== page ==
Monday, February 24, 2014

Happy birthday PS Vita, the world's deadest console is two years old

Back before the Internet, I owned all kinds of games machines, listened to many bands and enjoyed many TV shows. Now the Internet is here, its lovely to hear on a daily basis that those, and more recent technologies, musical genres, actor's careers, whole businesses and even things that haven't happened yet are all dead. Frankly, its amazing anything or anyone is still living, but the net has never been that reliable.

Of all those, few things are deader than the PS Vita (expect possibly BlackBerry, which is also still not dead). Sure, I like to moan about the failures in the world of my little old day-one Vita (specifically, Sony's appalling marketing, feeble third-party efforts, hiding sales figures and horseshit over-promises). However, the main lesson from this is that NOTHING EVER DIES.

My favourite long-dead TV shows all seem to be coming back, or live on in other media! Music I grew up with, all those bands are touring and recording again. Games systems; Dreamcast, Lynx, even 8-bit dinosaurs like the Spectrum are still having games written for them. NOTHING EVER DIES

What has happened is expectations have realigned with reality. Thanks to the poor third-party support, the rise of mobile, the moon prodding Uranus, whatever, the Vita is no longer a PS3-on-the-go. Instead it has refocused around its few strengths. Currently those are a still-thriving Japanese handheld scene (hope you're basking in all these translations) and a horde of indie developers fed up with the long-odds of iOS success and rampant piracy on Android.

They will provide the backbone of the Vita's gaming arsenal for now. Giving Sony time to plan a next phase:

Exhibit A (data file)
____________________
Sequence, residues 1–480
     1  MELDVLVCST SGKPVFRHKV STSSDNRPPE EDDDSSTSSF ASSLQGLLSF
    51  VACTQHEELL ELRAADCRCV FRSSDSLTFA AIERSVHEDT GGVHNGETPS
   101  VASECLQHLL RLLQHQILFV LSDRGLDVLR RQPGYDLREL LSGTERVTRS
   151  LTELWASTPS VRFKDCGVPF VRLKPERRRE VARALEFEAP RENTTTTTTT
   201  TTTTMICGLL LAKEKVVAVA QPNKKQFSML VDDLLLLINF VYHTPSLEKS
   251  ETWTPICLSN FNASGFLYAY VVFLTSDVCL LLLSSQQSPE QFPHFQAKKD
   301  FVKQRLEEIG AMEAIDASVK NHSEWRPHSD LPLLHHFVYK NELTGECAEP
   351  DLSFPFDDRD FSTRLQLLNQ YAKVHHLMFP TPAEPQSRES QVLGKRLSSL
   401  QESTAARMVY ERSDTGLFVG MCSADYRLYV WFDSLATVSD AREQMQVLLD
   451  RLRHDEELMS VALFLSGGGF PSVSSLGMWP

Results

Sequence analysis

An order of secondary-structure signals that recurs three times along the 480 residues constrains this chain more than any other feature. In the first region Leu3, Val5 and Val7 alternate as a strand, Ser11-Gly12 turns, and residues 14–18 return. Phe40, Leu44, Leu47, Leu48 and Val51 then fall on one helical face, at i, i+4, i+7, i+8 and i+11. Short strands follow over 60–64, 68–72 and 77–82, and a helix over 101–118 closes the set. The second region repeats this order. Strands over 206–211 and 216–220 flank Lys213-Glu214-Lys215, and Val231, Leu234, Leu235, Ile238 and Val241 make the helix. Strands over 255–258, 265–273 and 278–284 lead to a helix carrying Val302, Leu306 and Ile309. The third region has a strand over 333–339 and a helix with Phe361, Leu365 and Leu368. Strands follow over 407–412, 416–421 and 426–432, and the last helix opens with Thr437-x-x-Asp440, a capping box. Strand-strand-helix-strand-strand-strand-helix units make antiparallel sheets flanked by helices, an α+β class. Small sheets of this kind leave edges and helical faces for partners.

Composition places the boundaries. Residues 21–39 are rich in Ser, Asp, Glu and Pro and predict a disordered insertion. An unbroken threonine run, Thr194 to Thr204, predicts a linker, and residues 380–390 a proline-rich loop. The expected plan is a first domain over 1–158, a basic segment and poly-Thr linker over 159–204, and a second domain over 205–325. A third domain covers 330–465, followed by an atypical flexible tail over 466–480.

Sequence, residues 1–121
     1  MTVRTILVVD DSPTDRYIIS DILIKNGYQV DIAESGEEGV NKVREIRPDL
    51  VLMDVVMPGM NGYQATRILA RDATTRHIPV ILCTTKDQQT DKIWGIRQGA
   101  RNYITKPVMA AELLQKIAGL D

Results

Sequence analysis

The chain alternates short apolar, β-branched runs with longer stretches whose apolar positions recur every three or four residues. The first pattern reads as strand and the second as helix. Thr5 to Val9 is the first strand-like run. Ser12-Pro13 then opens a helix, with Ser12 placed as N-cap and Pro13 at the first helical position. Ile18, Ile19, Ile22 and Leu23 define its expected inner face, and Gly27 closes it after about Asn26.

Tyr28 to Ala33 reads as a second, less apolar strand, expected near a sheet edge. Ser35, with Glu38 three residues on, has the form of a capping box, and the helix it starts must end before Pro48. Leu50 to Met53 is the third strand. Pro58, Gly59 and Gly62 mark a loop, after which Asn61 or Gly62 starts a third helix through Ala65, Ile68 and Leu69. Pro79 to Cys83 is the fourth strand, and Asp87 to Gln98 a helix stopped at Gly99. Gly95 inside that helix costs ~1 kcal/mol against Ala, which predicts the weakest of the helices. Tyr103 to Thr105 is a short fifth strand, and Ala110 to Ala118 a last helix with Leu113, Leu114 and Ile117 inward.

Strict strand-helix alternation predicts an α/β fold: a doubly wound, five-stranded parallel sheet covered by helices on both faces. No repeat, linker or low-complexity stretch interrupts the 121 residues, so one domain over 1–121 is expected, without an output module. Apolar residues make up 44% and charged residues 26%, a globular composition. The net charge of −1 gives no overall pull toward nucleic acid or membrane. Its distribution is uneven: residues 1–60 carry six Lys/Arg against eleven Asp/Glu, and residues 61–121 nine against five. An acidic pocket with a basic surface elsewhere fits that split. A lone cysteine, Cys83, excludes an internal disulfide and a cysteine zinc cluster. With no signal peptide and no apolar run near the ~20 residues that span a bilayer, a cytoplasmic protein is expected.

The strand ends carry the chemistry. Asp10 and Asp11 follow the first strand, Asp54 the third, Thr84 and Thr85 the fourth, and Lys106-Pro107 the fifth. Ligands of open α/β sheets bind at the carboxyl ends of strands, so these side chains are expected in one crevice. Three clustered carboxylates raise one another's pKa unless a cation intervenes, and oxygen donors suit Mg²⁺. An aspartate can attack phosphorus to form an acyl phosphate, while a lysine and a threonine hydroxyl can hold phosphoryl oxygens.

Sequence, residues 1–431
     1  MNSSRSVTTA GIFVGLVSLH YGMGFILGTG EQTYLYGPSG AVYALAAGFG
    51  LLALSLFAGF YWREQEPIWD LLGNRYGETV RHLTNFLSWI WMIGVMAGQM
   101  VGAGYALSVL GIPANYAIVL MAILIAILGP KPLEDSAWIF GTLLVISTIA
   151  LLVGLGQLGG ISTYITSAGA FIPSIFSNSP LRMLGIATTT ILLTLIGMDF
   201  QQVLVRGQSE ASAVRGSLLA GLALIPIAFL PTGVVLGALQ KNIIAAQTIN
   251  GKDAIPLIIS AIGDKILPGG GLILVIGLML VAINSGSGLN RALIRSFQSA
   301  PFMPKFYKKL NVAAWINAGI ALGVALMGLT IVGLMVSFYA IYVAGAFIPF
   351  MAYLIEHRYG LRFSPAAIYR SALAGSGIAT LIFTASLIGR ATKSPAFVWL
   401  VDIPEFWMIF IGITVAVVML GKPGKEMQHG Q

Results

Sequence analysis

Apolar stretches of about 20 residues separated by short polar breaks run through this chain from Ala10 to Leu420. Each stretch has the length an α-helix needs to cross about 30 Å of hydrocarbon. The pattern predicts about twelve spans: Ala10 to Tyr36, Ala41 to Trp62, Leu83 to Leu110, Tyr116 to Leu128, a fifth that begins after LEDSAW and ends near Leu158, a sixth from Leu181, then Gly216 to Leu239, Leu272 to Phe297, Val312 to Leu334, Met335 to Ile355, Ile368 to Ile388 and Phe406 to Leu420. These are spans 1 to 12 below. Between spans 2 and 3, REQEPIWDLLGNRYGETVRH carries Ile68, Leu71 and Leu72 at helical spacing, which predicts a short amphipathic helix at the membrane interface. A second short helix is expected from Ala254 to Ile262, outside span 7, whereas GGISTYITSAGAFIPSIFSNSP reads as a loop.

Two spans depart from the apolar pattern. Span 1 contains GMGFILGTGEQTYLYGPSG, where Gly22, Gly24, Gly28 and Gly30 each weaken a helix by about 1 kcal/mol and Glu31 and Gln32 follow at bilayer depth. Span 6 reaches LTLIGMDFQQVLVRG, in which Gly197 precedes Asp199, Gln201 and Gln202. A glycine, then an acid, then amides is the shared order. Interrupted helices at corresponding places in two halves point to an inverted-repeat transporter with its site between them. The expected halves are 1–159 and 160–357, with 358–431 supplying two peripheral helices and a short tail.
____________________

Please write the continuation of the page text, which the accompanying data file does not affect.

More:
• rejig its development resources as the PS4 gets up to speed (of course, the Vita IS a PS4-on-the-go, which could be a seriously good move). 
  • get some more third parties on-board (those who can't afford larger teams or the move to next gen aesthetics).
  • push the Vita into new markets (rest of Asia) and drive it for the Autumn inevitable price reductions, when it should become an impulse buy.

So, yeah, the Vita isn't perhaps quite what Sony promised in the early hype, but it isn't dead. Not only does it have a small but growing army of owners enjoying a line-up of quality titles, its not dead because nothing dies, until the last cent in value has been extracted and there's a hell of a lot of value in what the Vita offers.

What it offers is us - you, me, your Vita owning friends - a few million gamers around the world, who have a tight little app store offering a great range of niche games alongside the odd blockbuster. That's what has kept the Vita alive and will continue to see it grow, perhaps not as well as we'd would like, but still moving in the right direction.

So happy birthday Vita, and well done the buyers who ignored this "dead" crap, and who've kept it going. Feel free to share your Vita experiences in the comments.

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